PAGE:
The history books show that the 1978 Formula 1 season belonged to Lotus. Designer Colin Chapman had revolutionized the sport with ground-effect aerodynamics, which gave his cars massive amounts of downforce. In other words, making them really bloomin’ fast.
The Lotus 78 picked up a couple of early wins that year, but it was the Lotus 79 that really took the team into ‘one giant leap for mankind’ territory: Introduced in the sixth race of the season in Belgium, it carried Mario Andretti to pole by more than a second and then lapped most of the field on its way to victory.
The American driver cruised to the title in a year marred by the death of teammate Ronnie Peterson, and at the same time, Lotus comfortably won the constructors’ crown.
But it could’ve been so different. Over at Brabham, Gordon Murray was scratching his head trying to work out how to turn the tables on Lotus. The team’s BT46 had endured a troubled start, partly because the car had cooling issues but also because it had no answer to Lotus’s genius ground effect.
Murray went back to study the rulebook, and after poring over the regulations, he stumbled upon something: The rules said that any device whose primary function was to affect aerodynamics had to be completely stationary. So what about a device whose primary function was something else?
After speaking to a lawyer, Murray knew he’d found his loophole, and the South African set to work creating his Lotus killer. The BT46B was born, and after the new design was tested in secret at Brands Hatch, the car was made ready for the Swedish Grand Prix in Anderstorp.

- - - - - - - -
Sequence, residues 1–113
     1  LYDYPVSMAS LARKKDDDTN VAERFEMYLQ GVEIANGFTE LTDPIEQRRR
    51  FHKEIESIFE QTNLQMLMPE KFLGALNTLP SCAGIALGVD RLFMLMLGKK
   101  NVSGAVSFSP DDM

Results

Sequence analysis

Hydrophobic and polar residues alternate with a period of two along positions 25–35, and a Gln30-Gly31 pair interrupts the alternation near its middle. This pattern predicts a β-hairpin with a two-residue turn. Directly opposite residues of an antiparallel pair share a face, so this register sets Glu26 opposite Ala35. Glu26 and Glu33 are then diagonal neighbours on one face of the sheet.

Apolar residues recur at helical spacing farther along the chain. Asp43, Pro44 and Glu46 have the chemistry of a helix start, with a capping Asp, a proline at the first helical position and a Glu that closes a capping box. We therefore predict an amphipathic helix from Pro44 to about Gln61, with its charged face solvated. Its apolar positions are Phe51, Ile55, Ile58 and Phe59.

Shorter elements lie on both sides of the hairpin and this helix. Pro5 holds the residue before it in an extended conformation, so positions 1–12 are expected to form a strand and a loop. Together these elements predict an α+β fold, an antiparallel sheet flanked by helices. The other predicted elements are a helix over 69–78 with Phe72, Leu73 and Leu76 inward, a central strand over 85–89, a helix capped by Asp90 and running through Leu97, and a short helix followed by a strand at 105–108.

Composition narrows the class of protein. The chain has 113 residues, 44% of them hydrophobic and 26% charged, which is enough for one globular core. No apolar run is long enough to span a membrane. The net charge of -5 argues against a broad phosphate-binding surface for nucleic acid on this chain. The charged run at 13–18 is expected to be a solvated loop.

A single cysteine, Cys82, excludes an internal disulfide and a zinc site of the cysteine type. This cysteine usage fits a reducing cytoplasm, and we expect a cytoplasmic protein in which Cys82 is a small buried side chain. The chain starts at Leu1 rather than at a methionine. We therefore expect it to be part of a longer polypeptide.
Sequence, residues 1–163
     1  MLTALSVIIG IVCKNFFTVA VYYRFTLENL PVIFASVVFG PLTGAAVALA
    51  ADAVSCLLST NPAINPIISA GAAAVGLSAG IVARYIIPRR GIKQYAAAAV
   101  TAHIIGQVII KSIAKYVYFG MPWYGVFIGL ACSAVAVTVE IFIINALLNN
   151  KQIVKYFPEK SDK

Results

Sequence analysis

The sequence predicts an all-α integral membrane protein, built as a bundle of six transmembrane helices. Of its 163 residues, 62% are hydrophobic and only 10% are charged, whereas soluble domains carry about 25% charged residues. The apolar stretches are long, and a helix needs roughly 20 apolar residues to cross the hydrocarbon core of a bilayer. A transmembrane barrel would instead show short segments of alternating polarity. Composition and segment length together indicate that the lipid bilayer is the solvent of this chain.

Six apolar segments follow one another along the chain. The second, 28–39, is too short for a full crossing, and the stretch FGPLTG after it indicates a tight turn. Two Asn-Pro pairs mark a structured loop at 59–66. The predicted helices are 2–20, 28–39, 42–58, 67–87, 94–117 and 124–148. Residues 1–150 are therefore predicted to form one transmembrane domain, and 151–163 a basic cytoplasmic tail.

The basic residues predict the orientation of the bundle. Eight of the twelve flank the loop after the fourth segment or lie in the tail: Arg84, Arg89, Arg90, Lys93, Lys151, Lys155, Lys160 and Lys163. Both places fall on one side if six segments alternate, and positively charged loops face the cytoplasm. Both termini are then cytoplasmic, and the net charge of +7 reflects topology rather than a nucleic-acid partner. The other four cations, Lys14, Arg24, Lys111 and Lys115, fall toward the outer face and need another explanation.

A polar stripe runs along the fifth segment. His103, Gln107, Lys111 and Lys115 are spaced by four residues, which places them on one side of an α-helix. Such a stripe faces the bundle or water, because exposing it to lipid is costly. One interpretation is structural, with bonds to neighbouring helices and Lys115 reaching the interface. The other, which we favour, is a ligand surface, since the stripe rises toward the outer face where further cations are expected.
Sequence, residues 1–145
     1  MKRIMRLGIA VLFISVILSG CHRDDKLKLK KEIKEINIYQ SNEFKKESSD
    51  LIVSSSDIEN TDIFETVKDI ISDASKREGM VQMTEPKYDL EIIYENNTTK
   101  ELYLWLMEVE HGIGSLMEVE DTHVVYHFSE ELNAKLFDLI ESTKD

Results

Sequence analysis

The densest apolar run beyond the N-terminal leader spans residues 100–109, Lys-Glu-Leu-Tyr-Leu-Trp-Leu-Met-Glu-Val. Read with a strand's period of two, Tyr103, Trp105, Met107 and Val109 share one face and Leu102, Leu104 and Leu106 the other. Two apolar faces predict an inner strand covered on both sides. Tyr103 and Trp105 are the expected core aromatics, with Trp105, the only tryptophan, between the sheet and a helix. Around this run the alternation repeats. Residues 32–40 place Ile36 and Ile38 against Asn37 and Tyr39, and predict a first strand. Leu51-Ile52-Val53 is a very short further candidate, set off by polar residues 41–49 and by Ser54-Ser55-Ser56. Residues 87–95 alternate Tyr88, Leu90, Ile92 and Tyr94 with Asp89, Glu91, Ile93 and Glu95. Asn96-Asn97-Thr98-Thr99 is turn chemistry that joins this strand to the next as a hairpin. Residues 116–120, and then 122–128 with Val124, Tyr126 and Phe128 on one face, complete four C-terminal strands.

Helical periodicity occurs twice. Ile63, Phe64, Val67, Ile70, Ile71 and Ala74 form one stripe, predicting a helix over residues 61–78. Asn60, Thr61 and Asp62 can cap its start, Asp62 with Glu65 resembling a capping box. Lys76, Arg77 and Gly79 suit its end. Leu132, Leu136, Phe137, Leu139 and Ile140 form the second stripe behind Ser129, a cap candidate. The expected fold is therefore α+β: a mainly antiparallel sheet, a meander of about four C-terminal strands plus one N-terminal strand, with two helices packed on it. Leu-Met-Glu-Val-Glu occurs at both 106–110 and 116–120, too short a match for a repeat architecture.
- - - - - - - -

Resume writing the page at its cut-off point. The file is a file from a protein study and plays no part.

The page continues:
The B-spec car generated its ground-effect downforce in two ways: The first was the addition of Lotus-inspired side skirts that, for want of a better metaphor, acted like a suction cup underneath the car. The second was a rear-mounted fan that would suck air from beneath the car, boosting the power of the vacuum and increasing the car’s speed through corners.
The other teams protested immediately, but Brabham had been clever. It argued that because more than half of the airflow generated by the fan was pulled through the radiator, its primary function was to act as cooling device, and therefore it couldn’t be against the rules.
The authorities agreed and the car was cleared to race. The team was so confident in its pace that owner Bernie Ecclestone instructed his drivers to take it easy in qualifying and to make absolutely sure they didn’t ruffle any feathers that the cars’ fuel tanks were brimmed. Astonishingly, the sandbagging didn’t work. John Watson and Niki Lauda still qualified second and third.
No one quite knew it, but the race was something of a formality, especially when oil was dropped on the track and the Brabham simply pounded through it as rivals were forced to slow down. Watson retired early, but Lauda took the checkered flag by more than half a minute—a huge gap in any era of F1.
It looked like the championship had been blown wide open, but politics got in the way. At first, Brabham’s rivals tried to claim the fan was dangerous because it threw up stones and dust—a claim Murray denied. When that didn’t stick, the likes of Colin Chapman and Ken Tyrrell made it clear to Ecclestone that the Formula One Constructors Association—the organization that Ecclestone ran alongside his team ownership duties—would be finished.
“We would’ve won the championship easily,” Murray reflected when Top Gear went to see his incredible car collection recently, but after Ecclestone had explained the pressure he was under, Murray “reluctantly agreed” to withdraw the car.
The Brabham ‘fan car’ was retired with a 100% win record, the only car to achieve such a feat in the history of F1. And Murray has given us more amazing fan cars since, namely, the McLaren F1 and the new T.50. God bless loopholes.
NOTE: This article first appeared on TopGear.com. Minor edits have been made.
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